2007-2010 - $20,080 - Building Financial Literacy: A Guide for Unions. Funding from the Employment Relations Education Contestable Fund, as part of a collaborative research project between Professor Judy Brown, the NZ Amalgamated Engineering Printing and Manufacturing Union and NZ Council of Trade Unions. This project is designed to research the accounting information needs of unions and to develop and update a second edition of "Brown, J., Understanding and Using Company Reports, 1991". It also builds on Professor Brown's book on Good Faith in Collective Bargaining (co-authored with Geoff Davenport, 2002).
2004-2009 - $500,000 - subcontract with Landcare Research for a FRST-funded project: Building Capacity for Sustainable Development - The Enabling Research (Professor Judy Brown, Michael Fraser and Pala Molisa). Landcare Research is the lead organisation for the 6-year ($6.1 million dollar) programme. This research explores, inter alia, the challenges of developing more dialogic conceptions of accounting and associated accounting technologies (e.g. sustainability assessment models, scenarios) and considers their application in different organisational and institutional contexts and the potential they have for enabling organizations and institutions to transition toward more sustainable forms of development.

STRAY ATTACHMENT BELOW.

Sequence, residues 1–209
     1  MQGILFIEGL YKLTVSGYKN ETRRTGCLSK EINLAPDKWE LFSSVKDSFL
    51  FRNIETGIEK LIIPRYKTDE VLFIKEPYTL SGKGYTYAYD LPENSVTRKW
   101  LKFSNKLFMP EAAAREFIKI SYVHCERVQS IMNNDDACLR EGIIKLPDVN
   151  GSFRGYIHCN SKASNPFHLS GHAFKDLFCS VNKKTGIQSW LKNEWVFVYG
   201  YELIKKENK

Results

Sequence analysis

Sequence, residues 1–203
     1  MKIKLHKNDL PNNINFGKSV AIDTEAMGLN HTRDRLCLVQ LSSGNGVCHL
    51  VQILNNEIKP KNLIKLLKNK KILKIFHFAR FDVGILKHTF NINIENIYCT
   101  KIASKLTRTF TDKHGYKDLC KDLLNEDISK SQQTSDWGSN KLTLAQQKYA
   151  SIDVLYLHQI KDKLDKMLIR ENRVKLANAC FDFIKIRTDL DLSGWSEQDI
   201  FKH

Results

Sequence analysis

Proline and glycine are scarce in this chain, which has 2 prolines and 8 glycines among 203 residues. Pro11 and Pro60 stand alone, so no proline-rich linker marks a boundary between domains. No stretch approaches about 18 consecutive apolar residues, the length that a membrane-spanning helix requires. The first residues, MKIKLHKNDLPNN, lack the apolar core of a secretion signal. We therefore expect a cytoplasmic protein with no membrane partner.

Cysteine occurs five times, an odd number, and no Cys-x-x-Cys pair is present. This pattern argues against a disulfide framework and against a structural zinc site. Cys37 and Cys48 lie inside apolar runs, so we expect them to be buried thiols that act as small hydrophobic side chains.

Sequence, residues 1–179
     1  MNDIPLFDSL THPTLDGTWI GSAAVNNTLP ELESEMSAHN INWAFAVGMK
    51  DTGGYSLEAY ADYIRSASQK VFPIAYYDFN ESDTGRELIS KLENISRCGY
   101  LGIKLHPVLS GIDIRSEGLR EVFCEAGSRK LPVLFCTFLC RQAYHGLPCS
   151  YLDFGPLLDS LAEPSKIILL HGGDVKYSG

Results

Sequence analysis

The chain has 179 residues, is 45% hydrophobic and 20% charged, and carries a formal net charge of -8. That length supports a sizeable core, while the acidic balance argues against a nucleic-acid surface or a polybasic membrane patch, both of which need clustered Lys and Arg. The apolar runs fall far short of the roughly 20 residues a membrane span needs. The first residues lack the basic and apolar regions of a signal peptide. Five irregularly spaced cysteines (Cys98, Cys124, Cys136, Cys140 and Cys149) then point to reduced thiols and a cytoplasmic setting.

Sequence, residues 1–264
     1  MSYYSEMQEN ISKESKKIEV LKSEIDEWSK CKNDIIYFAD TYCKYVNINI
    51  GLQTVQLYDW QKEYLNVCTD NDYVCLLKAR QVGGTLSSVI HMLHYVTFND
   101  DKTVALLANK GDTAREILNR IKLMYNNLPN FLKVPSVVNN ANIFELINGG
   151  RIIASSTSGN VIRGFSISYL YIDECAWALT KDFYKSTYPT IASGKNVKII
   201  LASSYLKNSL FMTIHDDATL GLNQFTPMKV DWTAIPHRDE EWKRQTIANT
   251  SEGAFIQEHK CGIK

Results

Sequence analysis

Publications to date
Bebbington, J., Brown, J. and Frame, B. (2007). Accounting Technologies and Sustainability Assessment Models. Ecological Economics, Vol. 61(2/3), pp. 224-236.
Bebbington, J., Brown, J., Frame, B. and Thomson, I. (2007). Theorizing Engagement: The Potential of a Critical Dialogic Approach. Accounting, Auditing and Accountability Journal, Vol. 20(3), pp. 356-381.
Brown, J. (2009). Democracy, Sustainability and Dialogic Accounting Technologies: Taking Pluralism Seriously, Critical Perspectives on Accounting, Vol. 20(3), pp. 313-342.